NASA launched its OSIRIS-REx spacecraft on Sept. 8, and its suite of instruments includes REXIS, which was designed and built by students from MIT. What does REXIS do?
NASA’s OSIRIS-REx mission is set to launch today, Sept. 8, to bring samples of the asteroid Bennu to Earth. But why did the agency choose Bennu for the mission? What is so special about this asteroid?
Just as NASA prepares for the launch of its asteroid-sampling mission OSIRIS-REx, another asteroid the size of a bus passed very close to Earth.
An asteroid that orbits between Mars and Jupiter was named after the late Queen lead singer Freddie Mercury.
The seven-year mission is the biggest and most ambitious mission since the Apollo moon rocks.
An asteroid passed by Earth at a very close distance last Aug. 28.
NASA's asteroid mission will be launched on Sept. 8 and the agency is in full preparation mode to send the spacecraft to an asteroid to collect samples that will be delivered back to Earth.
NASA to send a spacecraft to Bennu to study the 4.5 billion years old asteroid and collect sample to bring back on Earth.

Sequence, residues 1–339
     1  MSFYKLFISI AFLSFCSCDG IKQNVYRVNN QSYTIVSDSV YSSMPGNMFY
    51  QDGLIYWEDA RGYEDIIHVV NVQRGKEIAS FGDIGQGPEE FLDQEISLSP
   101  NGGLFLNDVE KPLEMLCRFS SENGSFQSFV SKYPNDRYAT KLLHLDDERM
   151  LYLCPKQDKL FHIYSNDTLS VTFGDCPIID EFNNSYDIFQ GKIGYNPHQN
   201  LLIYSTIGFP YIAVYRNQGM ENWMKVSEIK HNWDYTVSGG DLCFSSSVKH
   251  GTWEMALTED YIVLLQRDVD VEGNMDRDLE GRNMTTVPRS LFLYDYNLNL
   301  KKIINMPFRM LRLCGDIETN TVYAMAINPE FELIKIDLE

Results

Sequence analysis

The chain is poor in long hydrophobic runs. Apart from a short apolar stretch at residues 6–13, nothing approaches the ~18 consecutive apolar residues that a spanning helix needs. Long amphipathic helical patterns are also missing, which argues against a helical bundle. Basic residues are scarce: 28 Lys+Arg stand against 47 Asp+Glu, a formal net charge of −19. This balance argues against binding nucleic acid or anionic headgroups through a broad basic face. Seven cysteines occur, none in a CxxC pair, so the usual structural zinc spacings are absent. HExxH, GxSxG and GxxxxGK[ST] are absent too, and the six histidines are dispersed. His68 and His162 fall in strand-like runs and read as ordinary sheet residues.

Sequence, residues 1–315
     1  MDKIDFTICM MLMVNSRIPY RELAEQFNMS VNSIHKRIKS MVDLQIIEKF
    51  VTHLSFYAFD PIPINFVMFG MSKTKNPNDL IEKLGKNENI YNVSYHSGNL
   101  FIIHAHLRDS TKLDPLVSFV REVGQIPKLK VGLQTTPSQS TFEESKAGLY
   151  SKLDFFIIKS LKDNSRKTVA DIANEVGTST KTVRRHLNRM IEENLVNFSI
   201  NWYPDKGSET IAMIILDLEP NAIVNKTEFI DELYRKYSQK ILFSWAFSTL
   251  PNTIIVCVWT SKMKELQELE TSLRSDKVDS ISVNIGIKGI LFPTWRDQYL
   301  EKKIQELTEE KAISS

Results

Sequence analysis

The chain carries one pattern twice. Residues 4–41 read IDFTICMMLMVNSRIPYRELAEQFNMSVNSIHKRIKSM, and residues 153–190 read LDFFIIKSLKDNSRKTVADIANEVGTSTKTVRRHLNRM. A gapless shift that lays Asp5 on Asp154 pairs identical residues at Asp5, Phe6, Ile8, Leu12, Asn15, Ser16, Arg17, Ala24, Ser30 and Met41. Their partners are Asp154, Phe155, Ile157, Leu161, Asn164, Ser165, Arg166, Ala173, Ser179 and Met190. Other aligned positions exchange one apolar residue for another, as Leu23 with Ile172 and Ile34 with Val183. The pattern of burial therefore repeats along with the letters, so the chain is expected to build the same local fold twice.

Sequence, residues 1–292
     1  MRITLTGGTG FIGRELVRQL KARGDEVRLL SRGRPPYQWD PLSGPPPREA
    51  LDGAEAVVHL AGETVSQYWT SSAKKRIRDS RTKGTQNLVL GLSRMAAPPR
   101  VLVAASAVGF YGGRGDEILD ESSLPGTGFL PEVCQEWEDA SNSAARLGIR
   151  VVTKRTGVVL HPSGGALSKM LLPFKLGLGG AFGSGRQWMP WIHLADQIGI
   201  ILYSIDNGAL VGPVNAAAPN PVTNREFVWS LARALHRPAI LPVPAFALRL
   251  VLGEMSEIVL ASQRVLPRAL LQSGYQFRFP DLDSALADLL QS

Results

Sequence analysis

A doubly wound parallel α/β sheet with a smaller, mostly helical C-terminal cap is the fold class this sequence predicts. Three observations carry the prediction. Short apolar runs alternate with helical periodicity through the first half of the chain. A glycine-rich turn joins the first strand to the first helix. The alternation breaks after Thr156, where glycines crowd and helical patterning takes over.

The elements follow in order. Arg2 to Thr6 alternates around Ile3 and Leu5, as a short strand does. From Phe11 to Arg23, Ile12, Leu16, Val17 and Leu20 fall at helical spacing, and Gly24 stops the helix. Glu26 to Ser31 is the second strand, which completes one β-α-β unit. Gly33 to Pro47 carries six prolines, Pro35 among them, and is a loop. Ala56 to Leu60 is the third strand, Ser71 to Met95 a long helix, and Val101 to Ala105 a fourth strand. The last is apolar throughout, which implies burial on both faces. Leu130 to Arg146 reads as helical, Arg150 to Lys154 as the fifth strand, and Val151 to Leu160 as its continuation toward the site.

Studying an asteroid is now in NASA’s future campaign. With the help of private companies, the space agency plans on capturing an asteroid for technology tests. Samples taken from the asteroid will also help in further studies about life on Earth.
Asteroid mining may indeed begin the next decade or maybe in a few more years as the commercial space mining company Deep Space Industries will launch its asteroid-surveying spacecraft in 2020.
Scientists found jumbled icy and rocky zones in dwarf planet Ceres’ interior, suggesting that the planet may be warmer inside
NASA will send OSIRIS-REx to investigate a giant asteroid that is capable of obliterating Earth if it hits the planet.
The DAWN spacecraft discovered that the dwarf planet Ceres is missing massive craters that are supposed to be there.
NASA revealed last Friday, that the agency will sail at full speed in terms of space exploration while waiting for the Jupiter's up close encounter courtesy of Juno on Aug.27.
The probe to find the origin of Mars oddly-shaped moons, Phobos and Deimos had yielded results that contradict former theories. Two recent studies suggest that the moons weren't asteroids captured by Mar's gravitational force, but remnants from a giant impact between Mars and a smaller protoplanet.